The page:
Improved parallelism during backup and restore ON-Bar performs backup and restore of whole system using parallel I/O.
Continuous logical log restore This feature allows you to perform a continuous restore of logical log backups using the ontape and ON-Bar utilities.
Table 2. Integrated solutions
Sub-categoriesPotential benefits
New deployment wizardAllows the user/administrator to perform a custom installation to minimize the footprint on disk.
Named parameters in a JDBC callable statement It adds the convenience of being able to identify parameters by name instead of by ordinal position.
Rapid Windows application developmentIDS supports the IBM Database Add-ins for Visual Studio 2005, enabling IDS application developers to use many of the Visual Studio 2005 functionalities.
Enhanced concurrency with committed read isolation The new LAST COMMITTED keyword option to the SET ISOLATION COMMITTED READ reduces the risk of locking conflicts.
Improved concurrency with private memory caches for virtual processors It allows configuring private memory cache for every CPU virtual processor (CPUVP).
Hierarchical data type The new node data type represents hierarchical data within the relational database.
Basic text search Index This allows you to search words and phrases in an unstructured document repository.
Indexable binary data types This feature allows us to store binary-encoded strings for quick retrieval.
Derived tables in the FROM clause of queries This supports uncorrelated sub queries in the FROM clause.
Trigger enhancementsThis enhances the syntax and functionality of triggers on tables and views.
Optimizer directives in ANSI-compliant joined queries This release extends support for ANSI and ISO joined queries.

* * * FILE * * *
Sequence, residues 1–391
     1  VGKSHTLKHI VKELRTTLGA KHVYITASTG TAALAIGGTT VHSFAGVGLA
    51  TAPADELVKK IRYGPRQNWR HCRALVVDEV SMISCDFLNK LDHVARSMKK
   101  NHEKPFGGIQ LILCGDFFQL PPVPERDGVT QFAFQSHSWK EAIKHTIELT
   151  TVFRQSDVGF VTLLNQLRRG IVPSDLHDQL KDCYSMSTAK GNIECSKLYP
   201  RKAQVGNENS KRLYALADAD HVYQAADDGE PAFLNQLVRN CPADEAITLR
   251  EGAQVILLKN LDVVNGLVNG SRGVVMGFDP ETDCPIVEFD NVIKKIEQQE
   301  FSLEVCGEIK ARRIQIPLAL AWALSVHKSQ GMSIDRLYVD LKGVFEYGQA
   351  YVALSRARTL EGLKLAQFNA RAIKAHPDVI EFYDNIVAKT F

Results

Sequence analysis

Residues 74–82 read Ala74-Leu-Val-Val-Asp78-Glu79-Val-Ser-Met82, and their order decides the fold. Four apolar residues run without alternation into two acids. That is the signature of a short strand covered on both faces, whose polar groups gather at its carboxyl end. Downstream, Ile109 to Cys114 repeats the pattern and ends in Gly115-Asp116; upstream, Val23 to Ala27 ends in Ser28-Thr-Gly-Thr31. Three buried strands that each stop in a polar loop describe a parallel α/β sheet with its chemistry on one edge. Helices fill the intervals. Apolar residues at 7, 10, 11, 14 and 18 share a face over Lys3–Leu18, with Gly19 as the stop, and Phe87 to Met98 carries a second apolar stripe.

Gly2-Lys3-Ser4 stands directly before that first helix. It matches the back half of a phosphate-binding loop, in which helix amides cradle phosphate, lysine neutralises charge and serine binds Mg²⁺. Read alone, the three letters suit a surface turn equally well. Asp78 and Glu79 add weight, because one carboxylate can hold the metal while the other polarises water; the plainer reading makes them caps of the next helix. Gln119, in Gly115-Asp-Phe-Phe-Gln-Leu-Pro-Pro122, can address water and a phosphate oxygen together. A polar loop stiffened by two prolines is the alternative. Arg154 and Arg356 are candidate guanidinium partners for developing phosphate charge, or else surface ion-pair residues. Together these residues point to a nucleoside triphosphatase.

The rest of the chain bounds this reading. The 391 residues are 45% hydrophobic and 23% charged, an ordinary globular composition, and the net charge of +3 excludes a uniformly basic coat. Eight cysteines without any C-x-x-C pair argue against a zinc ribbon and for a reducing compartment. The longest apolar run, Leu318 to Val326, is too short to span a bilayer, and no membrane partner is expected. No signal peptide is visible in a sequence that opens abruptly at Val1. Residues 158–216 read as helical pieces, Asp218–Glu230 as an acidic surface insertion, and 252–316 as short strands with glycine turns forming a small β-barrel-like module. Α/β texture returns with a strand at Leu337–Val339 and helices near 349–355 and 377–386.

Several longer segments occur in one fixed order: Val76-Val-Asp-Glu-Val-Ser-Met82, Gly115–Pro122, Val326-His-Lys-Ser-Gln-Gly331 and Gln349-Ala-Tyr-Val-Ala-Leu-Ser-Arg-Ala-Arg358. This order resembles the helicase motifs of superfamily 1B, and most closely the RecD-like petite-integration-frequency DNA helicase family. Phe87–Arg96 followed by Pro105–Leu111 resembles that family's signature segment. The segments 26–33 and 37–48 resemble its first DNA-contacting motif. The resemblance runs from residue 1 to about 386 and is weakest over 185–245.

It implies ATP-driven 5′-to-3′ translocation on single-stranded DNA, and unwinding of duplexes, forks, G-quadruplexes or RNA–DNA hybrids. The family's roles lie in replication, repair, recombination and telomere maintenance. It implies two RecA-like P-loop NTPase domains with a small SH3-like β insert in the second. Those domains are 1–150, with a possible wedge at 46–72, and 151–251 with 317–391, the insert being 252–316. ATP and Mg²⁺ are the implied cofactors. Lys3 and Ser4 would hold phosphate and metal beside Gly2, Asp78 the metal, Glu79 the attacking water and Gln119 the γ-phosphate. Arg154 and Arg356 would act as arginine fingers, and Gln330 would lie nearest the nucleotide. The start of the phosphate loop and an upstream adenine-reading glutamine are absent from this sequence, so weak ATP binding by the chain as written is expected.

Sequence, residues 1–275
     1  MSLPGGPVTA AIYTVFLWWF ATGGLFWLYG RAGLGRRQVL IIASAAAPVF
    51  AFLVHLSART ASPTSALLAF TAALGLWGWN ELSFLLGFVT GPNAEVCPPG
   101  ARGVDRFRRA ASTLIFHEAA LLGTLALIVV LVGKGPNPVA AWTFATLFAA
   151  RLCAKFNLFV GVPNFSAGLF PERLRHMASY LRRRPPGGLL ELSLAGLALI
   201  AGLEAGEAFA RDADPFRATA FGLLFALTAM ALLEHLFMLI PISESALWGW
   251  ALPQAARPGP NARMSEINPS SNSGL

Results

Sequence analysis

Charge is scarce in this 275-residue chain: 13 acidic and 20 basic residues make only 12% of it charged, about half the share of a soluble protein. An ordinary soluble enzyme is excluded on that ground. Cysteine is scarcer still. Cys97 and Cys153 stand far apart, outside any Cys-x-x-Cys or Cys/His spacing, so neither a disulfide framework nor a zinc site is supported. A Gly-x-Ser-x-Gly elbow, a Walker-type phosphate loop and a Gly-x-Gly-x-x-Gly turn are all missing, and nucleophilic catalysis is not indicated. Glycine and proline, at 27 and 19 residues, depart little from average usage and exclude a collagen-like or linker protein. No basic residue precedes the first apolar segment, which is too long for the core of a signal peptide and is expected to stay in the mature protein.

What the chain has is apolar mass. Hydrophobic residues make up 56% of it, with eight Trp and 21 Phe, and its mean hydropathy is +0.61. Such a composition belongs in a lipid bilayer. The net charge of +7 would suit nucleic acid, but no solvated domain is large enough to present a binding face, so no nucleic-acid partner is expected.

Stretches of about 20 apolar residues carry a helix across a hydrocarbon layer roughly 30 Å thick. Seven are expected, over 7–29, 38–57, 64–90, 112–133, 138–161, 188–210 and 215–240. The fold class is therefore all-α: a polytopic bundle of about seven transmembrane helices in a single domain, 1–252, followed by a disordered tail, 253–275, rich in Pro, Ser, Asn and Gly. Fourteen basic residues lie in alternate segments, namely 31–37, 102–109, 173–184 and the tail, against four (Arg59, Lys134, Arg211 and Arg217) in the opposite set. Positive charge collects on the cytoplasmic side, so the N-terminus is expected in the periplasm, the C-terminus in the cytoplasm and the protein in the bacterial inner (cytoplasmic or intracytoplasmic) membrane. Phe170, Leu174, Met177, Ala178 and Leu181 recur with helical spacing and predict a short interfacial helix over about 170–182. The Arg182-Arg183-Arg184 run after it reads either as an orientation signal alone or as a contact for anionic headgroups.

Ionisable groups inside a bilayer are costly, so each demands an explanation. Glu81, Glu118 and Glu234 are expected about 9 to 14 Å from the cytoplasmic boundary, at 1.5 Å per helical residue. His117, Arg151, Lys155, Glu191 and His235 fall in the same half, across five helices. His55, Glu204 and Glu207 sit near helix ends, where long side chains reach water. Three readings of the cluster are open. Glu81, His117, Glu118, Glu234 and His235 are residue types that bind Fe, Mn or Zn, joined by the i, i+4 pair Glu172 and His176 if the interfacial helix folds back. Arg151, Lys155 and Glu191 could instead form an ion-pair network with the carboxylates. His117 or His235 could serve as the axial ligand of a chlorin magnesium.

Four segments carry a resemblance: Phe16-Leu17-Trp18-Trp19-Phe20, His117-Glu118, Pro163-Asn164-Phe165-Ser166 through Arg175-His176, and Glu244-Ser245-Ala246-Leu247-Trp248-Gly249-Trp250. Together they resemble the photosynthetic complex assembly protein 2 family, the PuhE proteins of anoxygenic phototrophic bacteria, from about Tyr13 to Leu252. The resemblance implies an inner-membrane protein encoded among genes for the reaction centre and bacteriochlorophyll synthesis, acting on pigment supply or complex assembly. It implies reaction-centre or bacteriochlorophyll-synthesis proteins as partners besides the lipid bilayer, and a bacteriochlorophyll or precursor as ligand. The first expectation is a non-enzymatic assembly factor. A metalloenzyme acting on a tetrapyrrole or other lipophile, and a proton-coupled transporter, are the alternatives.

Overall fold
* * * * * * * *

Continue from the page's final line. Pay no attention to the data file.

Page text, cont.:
Enhancements to distributed queriesThis feature extends support for data types and user-defined routines (UDRs) in cross-database and cross-server distributed operations.
XML publishing functions This feature transforms the results of SQL queries to XML for use in XML applications.
Web Feature Service for geospatial dataThe Web Feature Service (OGC WFS) in IDS acts as a presentation layer for the Spatial and Geodetic DataBlade modules.
Advanced access control featureThis feature enables granular control over who can access data in individual rows and columns of a protected table.
Index self-join query plansA new feature of the query optimizer supports a new type of index scan which uses only subsets of the full range of a composite index.
Support for common clients with DRDAIDS supports DRDA, the communications protocol to communicate with IDS as well as DB2.
Statement labels, GOTO, and LOOP statements in the SPL languageThe new support for statement labels and the GOTO and LOOP statements provide greater flexibility in iterating and in exiting from statement loops in SPL routines.
New SQL functionsIDS supports new built-in SQL functions to perform common mathematical, casting, bitmap and many more operations.
Automatic re-compilation of prepared statementsWhen a prepared statement is executed, IDS now detects changes to the underlying objects and re-prepares the statement if necessary.
Table 3. Administration free zone
Sub-categoriesPotential benefits
SQL administration APIThis API enables the database server administrator (DBSA) to perform administrative tasks remotely.
Schedule administrative tasksScheduler allows you to manage and run scheduled maintenance, monitoring and administrative tasks.
Monitor and analyze recent SQL statementsYou can configure SQL statement tracing to monitor the performance of recently executed SQL statements.
Dynamically change replication parametersOne can add, change, and remove in-memory values for Enterprise Replication configuration parameters and environment variables while the server is running.
Improved statistics collection and query explain file This feature updates statistics automatically and makes it available for the query optimizer for better access plans.
Dynamically rename replication columns, tables, and databasesOne can rename a replicated column, table, or database while Enterprise Replication is active.
Truncate replicated tablesOne can use the TRUNCATE statement on replicated tables while replication is active.
Installation improvements on Windows platformsIDS on Windows now uses an industry-standard installation tool which is easier and simpler.
Multiple users for administration modeThe DBSA can dynamically give one or more specific users the ability to connect to the database server in administration mode.